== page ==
Windows Phone Resources
We’ve gathered all of the content that was shared during the Imagine Cup themed week on the Microsoft Student Facebook page and @MS_Twitter handle for your convenience below. Be sure to check out the recap of the Imagine Cup chat on Twitter. If you have any questions or would like more information about Microsoft’s global student technologist competition, here are some resources:
The Imagine Cup Twitter Chat was very well received; we’re so glad you were able to get some questions answered from John Scott Tynes, Imagine Cup Competition Manager and Sally Buberman, Imagine Cup alumna and entrepreneur. For those of you who missed the chat, not a problem. We’ve highlighted the top Q&A below, so that you can better understand the Imagine Cup competition and its resources. If you have any more questions there a couple of different avenues you can take in order to get an answer:
Throughout my academic career, I have always been advised to find an internship or part-time job to supplement my curriculum in order to “put those classroom skills to work”. Although I whole-heartedly believe in this advice and its benefits for students, I opted for a different course. My decision was based on my thoughts that internships traditionally provided an environment where students can learn and apply their skills, but rarely allowed them to move beyond a safety net to experience failure. Yes, failure. In essence, internships are generally careful crafted and guided programs. It is a safe choice – and for many, it is perfect for what they are looking for in their career development. In my opinion, however, it is really through competitions that students are truly able to put skills to work.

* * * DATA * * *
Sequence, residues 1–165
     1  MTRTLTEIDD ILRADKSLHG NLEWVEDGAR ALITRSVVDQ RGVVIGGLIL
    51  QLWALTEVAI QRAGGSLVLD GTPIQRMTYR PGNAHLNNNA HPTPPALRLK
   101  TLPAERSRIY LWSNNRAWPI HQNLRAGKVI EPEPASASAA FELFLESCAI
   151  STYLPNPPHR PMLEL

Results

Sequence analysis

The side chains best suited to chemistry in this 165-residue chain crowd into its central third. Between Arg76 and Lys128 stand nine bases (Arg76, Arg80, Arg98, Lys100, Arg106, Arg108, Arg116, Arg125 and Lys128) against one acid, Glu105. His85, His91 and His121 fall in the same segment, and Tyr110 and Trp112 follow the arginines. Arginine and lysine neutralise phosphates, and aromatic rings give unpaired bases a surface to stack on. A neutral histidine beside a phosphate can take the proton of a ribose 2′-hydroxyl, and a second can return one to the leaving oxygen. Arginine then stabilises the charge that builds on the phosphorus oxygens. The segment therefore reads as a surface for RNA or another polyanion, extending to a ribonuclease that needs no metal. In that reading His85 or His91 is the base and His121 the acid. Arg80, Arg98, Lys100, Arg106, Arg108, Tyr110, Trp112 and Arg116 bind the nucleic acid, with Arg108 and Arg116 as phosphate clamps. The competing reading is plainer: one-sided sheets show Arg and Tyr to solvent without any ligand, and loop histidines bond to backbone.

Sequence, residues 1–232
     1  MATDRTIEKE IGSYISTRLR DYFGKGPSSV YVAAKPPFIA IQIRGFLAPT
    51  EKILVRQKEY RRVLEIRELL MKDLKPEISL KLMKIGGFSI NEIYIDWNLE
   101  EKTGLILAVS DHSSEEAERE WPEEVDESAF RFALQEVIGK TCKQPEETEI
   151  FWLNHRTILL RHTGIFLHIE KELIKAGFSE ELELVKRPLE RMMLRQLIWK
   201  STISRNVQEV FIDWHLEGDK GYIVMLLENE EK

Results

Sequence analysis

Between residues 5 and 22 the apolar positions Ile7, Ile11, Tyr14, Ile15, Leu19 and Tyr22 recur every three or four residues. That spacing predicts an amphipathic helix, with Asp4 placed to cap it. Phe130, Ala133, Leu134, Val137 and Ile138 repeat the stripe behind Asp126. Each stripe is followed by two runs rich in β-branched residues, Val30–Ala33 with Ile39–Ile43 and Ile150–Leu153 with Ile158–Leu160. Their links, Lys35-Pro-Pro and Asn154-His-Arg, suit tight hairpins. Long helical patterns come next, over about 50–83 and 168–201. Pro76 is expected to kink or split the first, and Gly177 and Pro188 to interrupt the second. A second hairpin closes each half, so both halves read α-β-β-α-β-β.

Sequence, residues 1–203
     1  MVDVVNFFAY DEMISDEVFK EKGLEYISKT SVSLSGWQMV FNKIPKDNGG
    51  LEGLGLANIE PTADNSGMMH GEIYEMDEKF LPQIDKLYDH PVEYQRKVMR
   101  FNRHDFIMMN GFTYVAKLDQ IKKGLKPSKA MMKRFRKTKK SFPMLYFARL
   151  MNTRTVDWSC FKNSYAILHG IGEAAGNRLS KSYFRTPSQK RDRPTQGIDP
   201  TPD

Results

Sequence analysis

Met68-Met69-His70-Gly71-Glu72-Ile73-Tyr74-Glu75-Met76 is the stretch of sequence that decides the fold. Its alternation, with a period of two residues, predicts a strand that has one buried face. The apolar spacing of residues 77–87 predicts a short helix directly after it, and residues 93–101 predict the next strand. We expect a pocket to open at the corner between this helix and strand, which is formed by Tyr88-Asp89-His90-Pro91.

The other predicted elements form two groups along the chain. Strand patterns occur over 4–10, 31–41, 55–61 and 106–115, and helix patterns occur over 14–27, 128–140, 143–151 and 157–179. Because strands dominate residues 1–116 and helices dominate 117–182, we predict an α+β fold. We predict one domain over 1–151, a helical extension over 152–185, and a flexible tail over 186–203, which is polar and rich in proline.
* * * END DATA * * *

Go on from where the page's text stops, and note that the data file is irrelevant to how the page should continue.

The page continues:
When and where did you participate in Imagine Cup?
My journey in Imagine Cup was spread over 4 years. The first year I was part of the crowd watching the amazing teams and their projects being presented at the national finals of Imagine Cup in New Zealand. I decided right then and there that not only was I going to take part and work on a project that makes a difference, I would also win the Imagine Cup globally; this was in 2009.
I won the Imagine Cup in New Zealand 2 years in a row with two different projects and then went on to win 3rd and the top 6 spot at the Worldwide Finals in 2010 and 2011 (Poland and New York). I then mentored a team from India to win across all categories in Imagine Cup India Finals who won the Global People’s Choice award in 2012 (Australia).
Next week (September 24-28), we will be sharing all things Imagine Cup on the Worldwide Microsoft Student social media pages: Microsoft Student Facebook and @MS_Student Twitter handle.
Join our first ever Twitter chat hosted by Microsoft Imagine Cup Competition Manager, John Scott Tynes, and Imagine Cup alumna, Sally Buberman. On September 26th from 10-11 am PDT, John and Sally will be answering your questions via Twitter, so be sure to follow the hashtag #imaginecup (and include the #imaginecup hashtag in your Tweets). Make sure to RSVP for all of the details.
Throughout the week we will be sharing helpful resources, alumni advice, information about past winners, how to get started and much more.
If you’re not familiar with Imagine Cup or are wondering exactly what the competition is, read below for more details and then get ready for tips and tricks about Imagine Cup all week long.